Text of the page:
A recent study performed by several physicians who’ve been endlessly researching mesothelioma and its effects, confirms what has been suspected by scientists and mesothelioma doctors for several years: women with malignant peritoneal mesothelioma have higher chances in achieving longer lifespans when compared to men who have the same disease.
Presented at the Fiftieth Annual Meeting of The Society of Thoracic Surgeon’s Poster Session in January 2014, the study represents one of the largest studies ever conducted regarding gender and asbestos-related diseases. The study included over 14,000 mesothelioma cases of people who were diagnosed with malignant peritoneal mesothelioma from 1973 through 2009.
Around 22% of the patients in the study were women. When compared to men with similar health traits, race, and age, women had a five-year survival rate of a little over 13% as opposed to men who had a five-year survival rate of 4.5%.
The study also discovered that the gap in survival rate declined as the patients grew older. Even if the patients have surgery, the difference in survival rate is small the older the patients get. For example, 35% of women with mesothelioma who had surgery survived at least one year, whereas 32% of men with mesothelioma who had surgery survived at least a year.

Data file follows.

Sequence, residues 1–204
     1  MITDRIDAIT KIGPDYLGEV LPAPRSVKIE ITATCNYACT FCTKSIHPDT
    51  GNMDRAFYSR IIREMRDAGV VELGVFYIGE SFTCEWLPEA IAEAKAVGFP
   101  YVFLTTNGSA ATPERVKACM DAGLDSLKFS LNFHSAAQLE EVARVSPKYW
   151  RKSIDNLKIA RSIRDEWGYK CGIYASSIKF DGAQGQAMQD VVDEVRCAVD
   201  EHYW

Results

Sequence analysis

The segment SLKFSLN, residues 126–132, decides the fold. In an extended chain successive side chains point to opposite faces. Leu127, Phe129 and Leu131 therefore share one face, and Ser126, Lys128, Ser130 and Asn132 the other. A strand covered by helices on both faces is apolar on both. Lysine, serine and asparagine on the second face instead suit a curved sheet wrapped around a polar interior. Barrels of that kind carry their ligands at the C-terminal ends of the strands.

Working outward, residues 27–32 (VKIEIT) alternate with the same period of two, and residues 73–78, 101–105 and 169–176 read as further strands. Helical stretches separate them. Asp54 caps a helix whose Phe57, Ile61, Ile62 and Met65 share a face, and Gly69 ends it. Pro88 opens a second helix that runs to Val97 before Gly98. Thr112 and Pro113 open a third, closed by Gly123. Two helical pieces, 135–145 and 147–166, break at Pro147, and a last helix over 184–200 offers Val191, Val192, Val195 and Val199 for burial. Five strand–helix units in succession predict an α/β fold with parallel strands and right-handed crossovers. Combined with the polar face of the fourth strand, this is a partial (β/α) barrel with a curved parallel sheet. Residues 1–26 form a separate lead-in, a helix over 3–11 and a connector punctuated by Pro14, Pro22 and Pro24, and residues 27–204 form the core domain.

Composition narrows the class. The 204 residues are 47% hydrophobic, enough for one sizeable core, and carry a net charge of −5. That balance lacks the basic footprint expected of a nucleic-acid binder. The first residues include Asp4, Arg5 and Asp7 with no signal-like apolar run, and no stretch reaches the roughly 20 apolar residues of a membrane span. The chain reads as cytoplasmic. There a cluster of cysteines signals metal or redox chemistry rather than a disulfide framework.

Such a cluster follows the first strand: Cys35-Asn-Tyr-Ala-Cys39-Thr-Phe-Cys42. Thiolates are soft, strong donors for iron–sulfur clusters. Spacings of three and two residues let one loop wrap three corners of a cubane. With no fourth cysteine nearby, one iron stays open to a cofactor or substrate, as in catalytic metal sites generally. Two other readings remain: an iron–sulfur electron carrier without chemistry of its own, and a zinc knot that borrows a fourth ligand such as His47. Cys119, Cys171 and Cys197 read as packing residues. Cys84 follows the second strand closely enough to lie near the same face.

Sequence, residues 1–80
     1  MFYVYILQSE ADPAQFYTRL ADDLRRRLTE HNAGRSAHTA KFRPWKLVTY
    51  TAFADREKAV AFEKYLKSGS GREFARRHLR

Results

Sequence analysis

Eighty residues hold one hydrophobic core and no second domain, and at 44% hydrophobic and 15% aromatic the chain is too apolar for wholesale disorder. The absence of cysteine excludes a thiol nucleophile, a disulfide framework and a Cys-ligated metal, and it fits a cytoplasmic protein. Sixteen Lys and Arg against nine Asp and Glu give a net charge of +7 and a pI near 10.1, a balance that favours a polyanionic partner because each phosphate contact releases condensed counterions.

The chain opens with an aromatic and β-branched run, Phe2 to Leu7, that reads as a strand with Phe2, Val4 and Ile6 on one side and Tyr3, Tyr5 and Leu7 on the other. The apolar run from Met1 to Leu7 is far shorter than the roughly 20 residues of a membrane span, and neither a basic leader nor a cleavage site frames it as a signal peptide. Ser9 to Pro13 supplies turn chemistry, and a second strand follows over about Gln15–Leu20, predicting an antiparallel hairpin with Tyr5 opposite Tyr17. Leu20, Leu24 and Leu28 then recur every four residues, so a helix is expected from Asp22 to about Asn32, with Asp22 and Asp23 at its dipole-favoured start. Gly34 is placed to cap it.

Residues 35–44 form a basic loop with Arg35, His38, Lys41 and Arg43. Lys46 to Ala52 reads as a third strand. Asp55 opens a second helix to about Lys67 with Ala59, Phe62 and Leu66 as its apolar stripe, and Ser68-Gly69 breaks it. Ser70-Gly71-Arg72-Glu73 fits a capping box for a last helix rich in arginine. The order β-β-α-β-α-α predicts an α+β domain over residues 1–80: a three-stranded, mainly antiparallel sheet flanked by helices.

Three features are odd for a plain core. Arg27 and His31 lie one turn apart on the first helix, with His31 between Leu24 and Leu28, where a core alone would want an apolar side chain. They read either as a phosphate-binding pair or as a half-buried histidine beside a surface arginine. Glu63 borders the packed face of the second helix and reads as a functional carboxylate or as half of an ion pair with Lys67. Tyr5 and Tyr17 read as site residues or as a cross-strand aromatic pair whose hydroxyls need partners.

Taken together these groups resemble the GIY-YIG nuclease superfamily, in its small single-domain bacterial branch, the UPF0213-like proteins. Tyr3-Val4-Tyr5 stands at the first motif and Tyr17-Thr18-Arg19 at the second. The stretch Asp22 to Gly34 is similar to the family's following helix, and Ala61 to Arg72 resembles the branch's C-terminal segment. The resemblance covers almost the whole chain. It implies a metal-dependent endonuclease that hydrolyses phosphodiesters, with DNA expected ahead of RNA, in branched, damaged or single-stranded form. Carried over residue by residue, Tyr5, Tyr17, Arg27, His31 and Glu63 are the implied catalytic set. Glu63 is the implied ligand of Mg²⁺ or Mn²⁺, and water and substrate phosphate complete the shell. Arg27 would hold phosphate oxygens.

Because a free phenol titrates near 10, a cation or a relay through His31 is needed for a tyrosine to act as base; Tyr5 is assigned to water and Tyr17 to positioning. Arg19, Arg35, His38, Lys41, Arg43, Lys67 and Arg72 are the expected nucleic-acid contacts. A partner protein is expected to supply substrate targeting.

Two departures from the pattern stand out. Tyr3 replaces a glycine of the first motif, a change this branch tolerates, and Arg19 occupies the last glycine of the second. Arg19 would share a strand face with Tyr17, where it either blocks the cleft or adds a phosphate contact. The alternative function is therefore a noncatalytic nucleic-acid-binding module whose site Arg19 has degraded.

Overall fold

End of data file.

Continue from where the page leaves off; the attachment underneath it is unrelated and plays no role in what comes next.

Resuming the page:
Experts first believed that women’s hormones were the main contributing factor, yet after the studies confirmed that older women still have slightly higher survival rates, they now feel there is more to the higher lifespans than just hormones.
“The fact that women have better survival rates than men suggests that there may be more than just hormones involved. Young women seem to do great, and it gives us good reason to be more aggressive in treating them,” said Andrea Wolf M.D., one of the assistant professors who contributed to the study.
Another contributing factor may include vast differences in asbestos exposure. Men were typically exposed much more to asbestos, and on a daily basis, compared to women. When women were exposed, in many cases, it was second-hand exposure from spouses’ clothing.
“There could be many factors in why women seem to do better with this disease. It could be different types of exposure, for example. Historically, women were not working in the shipyards with all the asbestos, but they were cleaning the clothes of workers who did work there,” Dr. Wolf said.
Although experts have not pinpointed exactly why women have a longer survival rate, the new study has helped them understand more about how the peritoneal malignant mesothelioma affects people, which in turn can assist them in developing better treatment plans.
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